Burrus Issues Stinging Rebuke To USPS Inspector General
Audit ‘Lacks Relevance, Ignores Legislative Mandate’ to Bargain
APWU President William Burrus slammed the Office of the Inspector General recently, charging that in a September audit report [PDF] on employee benefit programs the office had inserted itself into the collective bargaining arena.
In a Nov. 16 letter [PDF] to Inspector General David Williams, Burrus said, “Simply put, your analysis of the cost of postal benefits compared to those of other federal agencies lacks relevance.”
“The statutory mandate for bargaining has been and continues to be ‘to establish and maintain wages and benefits comparable to the private sector,’” Burrus wrote, “but your analysis compared the USPS negotiated-benefit programs to six federal and five quasi-federal agencies.”
The OIG comparison, the union president said, “has no standing in the bargaining process.” He noted that both the Postal Reorganization Act of 1970 and the Postal Accountability and Enhancement Act of 2006 require the Postal Service to bargain with employee unions over wages, benefits, and working conditions.
“USPS contributions to the Federal Employee Health Benefit Program (FEHBP) and the Federal Employee Group Life Insurance (FEGLI) program have been established as a result of legally-required negotiations,” Burrus wrote. “I am troubled that the Office of Inspector General has elected to insert itself into the collective bargaining arena without portfolio. Because the law does not confer such responsibility to the OIG, the audit report serves no constructive purpose.”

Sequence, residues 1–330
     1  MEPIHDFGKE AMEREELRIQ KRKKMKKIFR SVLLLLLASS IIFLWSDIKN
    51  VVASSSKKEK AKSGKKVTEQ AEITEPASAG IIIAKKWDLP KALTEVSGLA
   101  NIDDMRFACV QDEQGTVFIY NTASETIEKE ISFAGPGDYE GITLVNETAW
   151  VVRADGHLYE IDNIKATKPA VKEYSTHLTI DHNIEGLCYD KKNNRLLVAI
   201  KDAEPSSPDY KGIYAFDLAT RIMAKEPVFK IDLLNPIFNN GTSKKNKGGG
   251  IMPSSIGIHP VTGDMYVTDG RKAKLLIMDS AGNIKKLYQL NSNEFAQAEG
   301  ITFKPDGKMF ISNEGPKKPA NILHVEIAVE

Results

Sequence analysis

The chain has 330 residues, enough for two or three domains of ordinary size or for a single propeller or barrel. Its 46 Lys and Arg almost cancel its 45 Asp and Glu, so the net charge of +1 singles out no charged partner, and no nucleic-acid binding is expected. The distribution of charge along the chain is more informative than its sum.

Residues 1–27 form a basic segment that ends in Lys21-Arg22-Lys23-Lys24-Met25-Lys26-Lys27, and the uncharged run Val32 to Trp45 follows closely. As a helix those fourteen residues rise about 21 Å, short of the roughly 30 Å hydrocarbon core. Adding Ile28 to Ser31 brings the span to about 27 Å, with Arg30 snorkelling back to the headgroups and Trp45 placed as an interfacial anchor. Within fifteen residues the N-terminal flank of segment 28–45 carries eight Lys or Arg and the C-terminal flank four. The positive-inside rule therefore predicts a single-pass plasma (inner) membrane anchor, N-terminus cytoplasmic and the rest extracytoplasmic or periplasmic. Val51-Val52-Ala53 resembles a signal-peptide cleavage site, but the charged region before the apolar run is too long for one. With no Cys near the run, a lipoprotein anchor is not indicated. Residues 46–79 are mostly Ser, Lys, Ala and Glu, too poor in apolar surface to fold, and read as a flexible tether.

Burrus said that he was “particularly offended by the report’s claim that reductions in benefit program contributions represent ‘$1.073 billion in funds put to better use.’
“Your auditors are not positioned to arrive at such a conclusion,” he said.
The APWU president also criticized the Inspector General for the OIG’s failure to address billions of dollars granted to major mailers in excessive worksharing discounts. “Despite the enormity of this loss of revenue, your office has failed to document and analyze this egregious violation of the integrity and accountability of the Postal Service.”
“It is especially troubling that your office has remained silent while the USPS has failed to adjust workshare discounts to reflect the reduction of millions of work hours that resulted from automation. As you undoubtedly know, under the law, as work hours used for mail processing are reduced, the avoided costs reflected in workshare discounts must be reduced proportionally.”
“Rather than producing an irrelevant comparison of postal benefit costs to those in other federal agencies,” Burrus wrote, “your office would better serve the public interest by exposing this collusion between major mailers and postal management.”
Copies of Burrus’ letter to the Inspector General were distributed to the other postal unions.